“Put Your Clothes On!” (Ascension: Season 1)

Ascension Limited
See? It says limited!

I’m not really sure what to call this review, as the show, Ascension ended pretty openly. Right now, I can find no word of a second season, and it’s called a miniseries, so I assume it’ll stop here. But really, there was almost a “cliffhanger-esque” feel to the end, making me unsure that this is that last I’ve seen of Ascension. Of course, that’s just the parenthesized title. The title in quotes is completely reasonable, but I’ll get to that later. Want to learn more? Take the jump!

All the way back in 1963, a mission was launched to another galaxy, with the generation spaceship Ascension. 51 years into the 100 year journey, one of the passengers turns up dead. Now, loyalties are being questioned, people are beginning to drop like flies, and there is still a killer on the loose.

This show was kind of strange. All of the sci-fi undertones were great, it’s just that they were just that: undertones. The real meat of the show was all of the characters, and they all had something to hide. Unfortunately, they all seemed to bring something sexual to the table. The captain was cheating on his wife, and his wife was cheating on him, not to mention running an organization of stewardesses/prostitutes. Another officer was having an affair with a woman who was already in a relationship, and had just been selected for the birth list. Two other teens were in love, but that was kind of refreshing. In that case, I mean that it was more of a “will they, won’t they” kind of thing, rather than an affair. Syfy actually made an official tree tying it all together, which I think is hilarious. (Who’s Sleeping With Who?)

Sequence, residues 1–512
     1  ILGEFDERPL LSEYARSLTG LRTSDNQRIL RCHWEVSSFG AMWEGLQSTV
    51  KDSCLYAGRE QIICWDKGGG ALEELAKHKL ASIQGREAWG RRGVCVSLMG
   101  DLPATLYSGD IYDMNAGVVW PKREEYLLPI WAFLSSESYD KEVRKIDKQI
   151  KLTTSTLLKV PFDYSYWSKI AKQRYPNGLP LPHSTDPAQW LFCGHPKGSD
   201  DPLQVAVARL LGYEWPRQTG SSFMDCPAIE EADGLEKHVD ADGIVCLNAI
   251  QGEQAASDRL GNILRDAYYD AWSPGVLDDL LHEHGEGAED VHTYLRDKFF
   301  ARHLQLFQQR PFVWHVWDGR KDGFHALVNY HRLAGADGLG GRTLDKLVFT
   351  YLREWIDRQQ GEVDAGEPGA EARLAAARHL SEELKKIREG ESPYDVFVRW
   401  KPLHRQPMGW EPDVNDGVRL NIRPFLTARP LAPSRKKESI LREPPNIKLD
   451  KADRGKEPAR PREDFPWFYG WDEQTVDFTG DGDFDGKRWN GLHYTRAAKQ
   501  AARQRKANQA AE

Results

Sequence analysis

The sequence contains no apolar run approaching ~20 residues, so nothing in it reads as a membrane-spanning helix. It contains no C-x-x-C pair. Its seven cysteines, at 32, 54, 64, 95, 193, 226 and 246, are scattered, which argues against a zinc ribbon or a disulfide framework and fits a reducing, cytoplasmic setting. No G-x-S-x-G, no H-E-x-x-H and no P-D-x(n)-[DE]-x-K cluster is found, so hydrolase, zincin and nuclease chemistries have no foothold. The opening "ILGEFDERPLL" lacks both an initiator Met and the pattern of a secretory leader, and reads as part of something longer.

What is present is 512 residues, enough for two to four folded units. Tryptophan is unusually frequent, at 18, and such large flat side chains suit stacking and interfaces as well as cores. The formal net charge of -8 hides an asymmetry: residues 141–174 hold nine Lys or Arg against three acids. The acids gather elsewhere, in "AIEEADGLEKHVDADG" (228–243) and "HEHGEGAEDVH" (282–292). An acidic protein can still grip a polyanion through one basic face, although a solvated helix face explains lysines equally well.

Boom! (Ascension)
I can only assume that that was important.

Other than the gratuitous sex, the storyline was pretty cool. I liked the idea of a murder mystery in space, but all in all, it was pretty standard fare. Really though, this is a pretty hard review, as I don’t know whether I’m going to see more of the show. If there’s going to be more episodes, then I won’t complain about the kid doing her best River Tam impression and creating lightning storms. I also wouldn’t complain about Gault’s new home, or Stokes’ run for freedom.

What really annoyed me was in fact, the sex. I mean, there’s not much I can really do about it, short of complaining on my little blog, but the whole thing was unnecessary. It almost felt like some teenage boy’s wet dream rather than an actual TV show that wanted to be taken seriously. Strangely enough, there’s no relation that’s known as “cheating on with” in Syfy’s relationship tree. It was almost like Game of Thrones (with an average of around six breasts per episode, according to Youtube’s Game Theory), just with only implied nudity.

As I said before, there’s not much that I can do about Ascension’s tagline of “women can’t seem to keep their clothes on”, expecting my complaints. However, I will say this. In my opinion, science fiction as a genre shouldn’t need to use all of this sex. To me, it’s a crutch, and one that is grossly overused. In a perfect world, sci-fi should be able to rely on it’s superb characters, stellar (pun intended) storylines, and the overall sense of wonderment that drew me into the genre in the first place. The thought that some “fans” of science fiction were brought in and are still only there for meaningless sex that blindly panders to their desires is a really scary thought to me. 6 out of 10.

The whole plot line and idea behind Ascension was the best part about it. The only problem was, it was behind it. All of the sexual overtones and strange affairs took center stage, and that was my problem with it. All of Ascension’s flash and bang, so to speak, was for naught, as Syfy had a brilliant but dreadfully underutilized story that they let slip through their fingers.


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